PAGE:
Kersten, J. (2007). Literacy and Choice: Urban elementary students' per ceptions of links between home, school, and community literacy practices. In V. Purcell-Gates (ed). Cultural practices of literacy: Case studies of language, literacy, social practice, and power p.133-154. New York, Routledge.
Ketstlile, L. (2011). This is Literacy! Reading of photographs in research on San students' literacy in a remote dweller school in Botswana. Reading & Writing, 2 (1), 96-101.
Klerk, V., & Gough, D. (2000). Black South African English. In R. Mesthrie (ed.) Language in South Africa. pp.356-380, Cambridge, Cambridge University Press.
King, L.A. (2008). The science of psychology: An appreciative view. Boston, McGrawHill. Lower Primary School syllabus--Standard 1-4. (2002). Curriculum Devel opment & Evaluation, Gaborone, Government Printers.
Marsh, J. (2004). The techno-literacy practices of young children. Journal of Early Childhood Research, 2(1), 51-66.
Martinez, M.E. (2010). Learning and cognition: The design of the mind. New Jersey, Merrill.
Mathangwane, J.T., & Arua, A.E. (2006). Family literacy: Attitudes of parents towards reading in rural communities in Botswana. The Reading Matrix, 6(2), 46-59.
Matza, L. S., Kupersmidt, J. B., & Glenn, D. M. (2001). Adolescents' perceptions and standards of their relationships with their parents as a function of sociometric status. Journal of Research on Adolescence, 11, 245-272.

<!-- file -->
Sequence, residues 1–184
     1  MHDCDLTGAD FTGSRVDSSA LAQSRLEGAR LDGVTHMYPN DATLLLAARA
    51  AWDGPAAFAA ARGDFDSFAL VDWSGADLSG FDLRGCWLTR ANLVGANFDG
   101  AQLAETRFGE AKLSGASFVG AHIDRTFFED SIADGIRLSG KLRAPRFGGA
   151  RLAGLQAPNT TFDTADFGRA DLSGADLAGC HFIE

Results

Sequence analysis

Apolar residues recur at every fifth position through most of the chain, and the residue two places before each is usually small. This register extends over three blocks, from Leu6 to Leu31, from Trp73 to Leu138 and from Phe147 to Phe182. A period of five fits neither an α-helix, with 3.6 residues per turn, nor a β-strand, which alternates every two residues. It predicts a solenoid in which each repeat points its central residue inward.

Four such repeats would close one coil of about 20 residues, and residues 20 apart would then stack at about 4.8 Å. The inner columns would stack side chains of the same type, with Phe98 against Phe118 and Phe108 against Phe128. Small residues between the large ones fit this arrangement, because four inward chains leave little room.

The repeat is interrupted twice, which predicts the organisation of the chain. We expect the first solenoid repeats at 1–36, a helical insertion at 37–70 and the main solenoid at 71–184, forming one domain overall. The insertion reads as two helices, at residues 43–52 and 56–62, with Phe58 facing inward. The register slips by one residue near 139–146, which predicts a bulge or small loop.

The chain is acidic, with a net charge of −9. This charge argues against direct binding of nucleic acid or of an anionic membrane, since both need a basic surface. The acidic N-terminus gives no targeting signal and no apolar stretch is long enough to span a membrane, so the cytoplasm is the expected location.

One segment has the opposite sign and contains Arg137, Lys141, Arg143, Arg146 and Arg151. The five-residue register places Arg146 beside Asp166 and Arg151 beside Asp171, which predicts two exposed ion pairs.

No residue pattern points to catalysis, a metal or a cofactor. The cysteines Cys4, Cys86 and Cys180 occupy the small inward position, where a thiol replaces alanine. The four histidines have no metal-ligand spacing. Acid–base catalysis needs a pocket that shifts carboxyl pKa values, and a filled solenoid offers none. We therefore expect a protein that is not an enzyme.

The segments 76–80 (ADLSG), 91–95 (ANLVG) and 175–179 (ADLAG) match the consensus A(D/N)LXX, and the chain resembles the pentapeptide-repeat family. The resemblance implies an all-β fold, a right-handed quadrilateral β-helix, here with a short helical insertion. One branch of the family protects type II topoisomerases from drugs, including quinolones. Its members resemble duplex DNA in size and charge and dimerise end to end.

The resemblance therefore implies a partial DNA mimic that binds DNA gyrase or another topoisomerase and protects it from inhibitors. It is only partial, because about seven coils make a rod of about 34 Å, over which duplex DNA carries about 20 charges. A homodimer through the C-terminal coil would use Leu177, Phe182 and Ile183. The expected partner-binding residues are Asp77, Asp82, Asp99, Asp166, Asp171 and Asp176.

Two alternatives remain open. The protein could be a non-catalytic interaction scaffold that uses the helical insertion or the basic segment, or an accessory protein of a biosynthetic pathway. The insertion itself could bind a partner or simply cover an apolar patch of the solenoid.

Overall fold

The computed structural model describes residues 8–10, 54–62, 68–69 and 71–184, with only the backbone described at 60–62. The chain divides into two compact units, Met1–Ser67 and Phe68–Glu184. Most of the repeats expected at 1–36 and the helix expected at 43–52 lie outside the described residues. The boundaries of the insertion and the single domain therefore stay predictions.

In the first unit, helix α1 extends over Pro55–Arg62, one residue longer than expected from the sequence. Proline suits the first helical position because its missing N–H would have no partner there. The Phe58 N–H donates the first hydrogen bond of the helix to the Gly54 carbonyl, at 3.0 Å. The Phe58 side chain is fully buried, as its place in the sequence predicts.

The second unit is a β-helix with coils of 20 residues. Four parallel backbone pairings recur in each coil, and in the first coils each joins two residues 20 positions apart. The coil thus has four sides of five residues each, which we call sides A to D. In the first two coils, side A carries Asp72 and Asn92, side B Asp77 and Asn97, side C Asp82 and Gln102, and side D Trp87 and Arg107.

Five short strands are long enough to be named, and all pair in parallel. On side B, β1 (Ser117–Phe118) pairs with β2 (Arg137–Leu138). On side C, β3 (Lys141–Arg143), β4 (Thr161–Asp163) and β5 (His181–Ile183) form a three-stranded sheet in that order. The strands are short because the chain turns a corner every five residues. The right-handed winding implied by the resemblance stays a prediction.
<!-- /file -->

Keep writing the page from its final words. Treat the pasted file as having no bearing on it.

McTavish, M. (2007). Constructing the big picture: A working class family supports their daughter's pathways to literacy. The Reading Teacher, 60 (5), 476-485.
Morrow, L.M., (ed.). (1995). Family literacy connections in schools and communities. Newark DE, International Reading Association.
Ngwaru, J.M., & Opoku-Amankwa, K. (2010). Home and school literacy practices in Africa: listening to inner voices. Language and Education, 24(4), 295-307.
Perry, K.H. (2007). Sharing stories, linking lives: Literacy practices among Sudanese refugees. In V. Purcell-Gates (ed). Cultural practices of literacy: Case studies of language, literacy, social practice, and power p.57-84. New York, Routledge.
Oketch, M., Mutisya, M., & Sagwe, J. (2012). Parental aspirations for their children's educational attainment and the realization of universal primary education (UPE) in Kenya: Evidence from slum and non-slum residences. International Journal of Educational Development, 32, 764-772.
Pang, I.W., & Watkins, D. (2000). Teacher-parent communication in Hong Kong primary schools. Educational Studies, 26(2), 141-163.
Pansiri, L., & Pansiri, O.N. (2011). Causes of poor parental involvement in educational activities: case study of a primary school in Gaborone West, Botswana. PULA: Botswana journal of African Studies, 25(2), 283- 307.
Prinsloo, M., & Brier, M. (1996). The social uses of literacy. Amsterdam, John Benjamin Publishers.
Steinberg, L., Lamborn, S. D., Dornbusch, S. M., & Darling, N. (1992) Impact of parenting practices on adolescent achievement: Authoritative parenting, school environment, and encouragement to succeed. Child Development, 63, 1266-1281.
Street, B. (2003). What's "new" in New Literacy Studies? Critical ap proaches to literacy in theory and practice. Current Issues in Comparative Education, 5(2), 77-91.